Other than paying cash for your import purchases or using Letter of Credit financing, using Documentary Draft for Collection is another popular method how to pay for your import orders. Documentary Draft for Collection is also referred to as D/P, commonly known also as Documents Against Payment. This term implies that the export Seller uses his bank to send the shipping documents to you, the importer, or rather to your bank, which then collects the necessary funds from you before releasing the documents to you so you can finish customs clearance. Once your bank collects the funds from you, they wire transfer the money to the Seller’s bank, paying the Draft requested by the Seller’s bank.
A Draft is an unconditional order in writing, signed by the Seller, the Drawer, addressed to the Buyer, the Drawee, ordering him to pay on presentation – Sight Draft, or at future date, Time Draft.
A Draft is “documentary” because it is accompanied by documents delivered to the drawee on payment (or acceptance) of the draft. Hence it is known also as “bill of exchange.”
A Draft indicates payment is to be made usually to the Seller’s bank which handles the collection on behalf of the Seller. Thus Seller keeps control of the merchandise through the Collecting Bank until the Buyer has paid. Here lies the difference as compared to the Letter of Credit.
Under the L/C, the Seller is not looking to you, the Buyer, for the payment but directly to your bank. Under the D/P, the Seller is looking directly to you, the Buyer, for the Payment.
Thus under L/C, the Seller has the maximum protection that he gets paid whereas under the D/P he does not. If your bank can’t collect money from you, the Seller won’t get paid and will have to provide for the return of his goods at his expense. You may remark why would the Seller entertain the idea to sell to you and ship the goods to your country if he has no guarantee you the Buyer / importer will have the money upon delivery of the goods at your destination, the country of importation. That is a valid assumption and for this reason most exporters will not ship orders by D/P without a deposit, say 30% to 50% of the order’s invoice amount. Once other possibility may be that the Seller and the Buyer have a good working relationship and the Seller trusts the Buyer will have funds to pay the Draft upon delivery; in essence this form of financing is similar to COD / Cash on Delivery shipments.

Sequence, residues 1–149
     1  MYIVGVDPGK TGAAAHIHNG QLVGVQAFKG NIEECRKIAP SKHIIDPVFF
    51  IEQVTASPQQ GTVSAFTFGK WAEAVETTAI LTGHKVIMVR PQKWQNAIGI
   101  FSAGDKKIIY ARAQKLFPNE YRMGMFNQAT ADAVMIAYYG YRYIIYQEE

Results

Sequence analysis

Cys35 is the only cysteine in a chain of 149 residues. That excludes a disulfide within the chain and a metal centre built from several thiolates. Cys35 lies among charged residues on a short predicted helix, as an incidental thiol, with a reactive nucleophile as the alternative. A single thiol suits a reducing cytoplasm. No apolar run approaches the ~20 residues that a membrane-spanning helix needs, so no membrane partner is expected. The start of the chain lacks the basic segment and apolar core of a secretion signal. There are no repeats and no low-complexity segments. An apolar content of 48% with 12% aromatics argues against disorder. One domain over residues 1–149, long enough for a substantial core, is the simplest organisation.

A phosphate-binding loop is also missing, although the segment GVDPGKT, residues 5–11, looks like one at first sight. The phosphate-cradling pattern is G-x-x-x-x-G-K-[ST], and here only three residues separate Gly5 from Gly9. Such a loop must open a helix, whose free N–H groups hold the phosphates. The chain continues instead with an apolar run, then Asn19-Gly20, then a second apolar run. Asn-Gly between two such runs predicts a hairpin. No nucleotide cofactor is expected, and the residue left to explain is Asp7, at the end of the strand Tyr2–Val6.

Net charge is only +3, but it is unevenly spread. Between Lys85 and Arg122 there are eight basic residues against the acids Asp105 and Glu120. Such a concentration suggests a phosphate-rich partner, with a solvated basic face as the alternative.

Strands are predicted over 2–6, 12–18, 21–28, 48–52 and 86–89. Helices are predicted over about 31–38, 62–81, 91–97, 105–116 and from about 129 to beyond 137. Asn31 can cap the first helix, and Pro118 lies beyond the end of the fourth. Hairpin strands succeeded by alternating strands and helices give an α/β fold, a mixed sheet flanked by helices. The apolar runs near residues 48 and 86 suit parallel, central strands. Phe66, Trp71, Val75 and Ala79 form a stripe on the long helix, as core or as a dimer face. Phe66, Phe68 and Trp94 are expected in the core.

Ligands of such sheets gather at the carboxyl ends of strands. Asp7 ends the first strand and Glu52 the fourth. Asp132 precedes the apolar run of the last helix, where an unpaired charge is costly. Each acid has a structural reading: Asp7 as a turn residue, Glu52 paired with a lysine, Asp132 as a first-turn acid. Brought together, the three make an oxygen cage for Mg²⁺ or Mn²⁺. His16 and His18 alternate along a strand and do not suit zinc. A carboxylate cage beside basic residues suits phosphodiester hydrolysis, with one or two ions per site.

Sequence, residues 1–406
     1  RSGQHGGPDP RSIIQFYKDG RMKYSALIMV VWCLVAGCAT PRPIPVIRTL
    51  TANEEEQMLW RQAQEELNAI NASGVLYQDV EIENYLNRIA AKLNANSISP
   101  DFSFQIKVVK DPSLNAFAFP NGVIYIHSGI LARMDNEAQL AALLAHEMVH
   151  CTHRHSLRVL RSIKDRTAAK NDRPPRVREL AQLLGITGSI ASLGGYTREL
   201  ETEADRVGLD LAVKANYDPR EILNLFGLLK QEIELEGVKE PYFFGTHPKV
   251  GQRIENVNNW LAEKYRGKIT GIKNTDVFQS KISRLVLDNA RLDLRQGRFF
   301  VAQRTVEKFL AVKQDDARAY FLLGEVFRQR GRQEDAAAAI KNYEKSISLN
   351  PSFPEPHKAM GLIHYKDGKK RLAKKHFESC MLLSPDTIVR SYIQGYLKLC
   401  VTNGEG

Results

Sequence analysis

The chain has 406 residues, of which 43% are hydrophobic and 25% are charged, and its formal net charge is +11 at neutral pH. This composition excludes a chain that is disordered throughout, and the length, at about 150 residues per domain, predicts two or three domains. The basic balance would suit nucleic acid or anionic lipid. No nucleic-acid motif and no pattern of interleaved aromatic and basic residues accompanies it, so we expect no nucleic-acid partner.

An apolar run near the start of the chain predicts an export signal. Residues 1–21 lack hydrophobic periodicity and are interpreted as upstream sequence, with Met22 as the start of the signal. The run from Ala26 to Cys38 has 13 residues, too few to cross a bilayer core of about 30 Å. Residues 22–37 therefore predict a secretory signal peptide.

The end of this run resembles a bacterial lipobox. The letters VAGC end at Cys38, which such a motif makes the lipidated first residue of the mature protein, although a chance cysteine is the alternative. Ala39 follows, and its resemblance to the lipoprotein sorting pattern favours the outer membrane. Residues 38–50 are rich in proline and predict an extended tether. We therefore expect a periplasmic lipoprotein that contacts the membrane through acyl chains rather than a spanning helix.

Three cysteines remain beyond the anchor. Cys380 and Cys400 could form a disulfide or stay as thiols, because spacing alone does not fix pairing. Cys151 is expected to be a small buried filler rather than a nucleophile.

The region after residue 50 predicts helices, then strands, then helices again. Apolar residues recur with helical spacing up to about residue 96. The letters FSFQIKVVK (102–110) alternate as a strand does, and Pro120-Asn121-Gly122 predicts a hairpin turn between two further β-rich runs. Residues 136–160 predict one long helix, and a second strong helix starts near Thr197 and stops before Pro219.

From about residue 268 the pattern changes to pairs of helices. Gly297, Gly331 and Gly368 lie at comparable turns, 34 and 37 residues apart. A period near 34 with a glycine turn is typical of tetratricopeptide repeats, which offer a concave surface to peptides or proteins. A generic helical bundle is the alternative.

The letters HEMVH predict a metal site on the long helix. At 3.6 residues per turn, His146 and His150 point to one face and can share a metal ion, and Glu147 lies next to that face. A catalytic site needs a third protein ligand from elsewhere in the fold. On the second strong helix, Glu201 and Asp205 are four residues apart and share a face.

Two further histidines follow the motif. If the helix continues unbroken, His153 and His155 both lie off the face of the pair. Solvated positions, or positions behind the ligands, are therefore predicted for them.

One important point to understand is the liability issue between banks under the scenario of Documentary Draft for Collection. Under the L/C financing, there was a contractual agreement between two banks. Under the D/P there is none. Seller’s bank merely uses the Buyer’s bank to collect the money but the collecting bank is under no contractual liability to the Seller’s bank.
Under the international guidelines for the collection of documentary credits, the collecting bank is merely to exercise caution and act to the best of their ability. To use the exact words: under the D/P, “banks are only to act in good faith and exercise reasonable care” (as governed by Documentary Credit Collection guidelines issued by the International Chamber of Commerce).
In other words, the difference between selling against an Irrevocable L/C and selling against a Documentary Draft for Collection lies in the degree of protection that these methods give to the Seller / the Exporter!
-Under the L/C financing banks have committed themselves to pay.
-Under the Drafts for Collection banks merely act as “collecting agents” on behalf of the Seller, who must look to the Drawee / the Buyer for the actual payment of his Drafts!
Under the D/P, the collecting bank is not obligated to check if all Documents are present, nor whether any Special Conditions are fulfilled (as is the case under L/C financing) for there were none specified to begin with, or rather there is no point in requesting inspection as your bank is not obligated to verify that the inspection was done before paying the Draft.
In summary, Documentary Draft for Collection is the best instrument for you, the Buyer, for it does not tie up your available credit! However, as noted above, because it is not a 100% secure instrument for the Seller to get paid, few sellers will sell you goods using the D/P alone but typically will ask for a sizable deposit up front to assure themselves that you, the Buyer, will come up with the rest of the money when the goods arrive to your destination and the documents to your bank with the draft for your bank to collect on. Needless to say, D/P financing has its merits for both parties – the Sellers are able to sell and Buyers to buy provided their individual cash flow needs can accommodate the transaction timeline.
- Letter of Credit and the use of Certificate of Inspection
- Certificate of Inspection and How It’s Used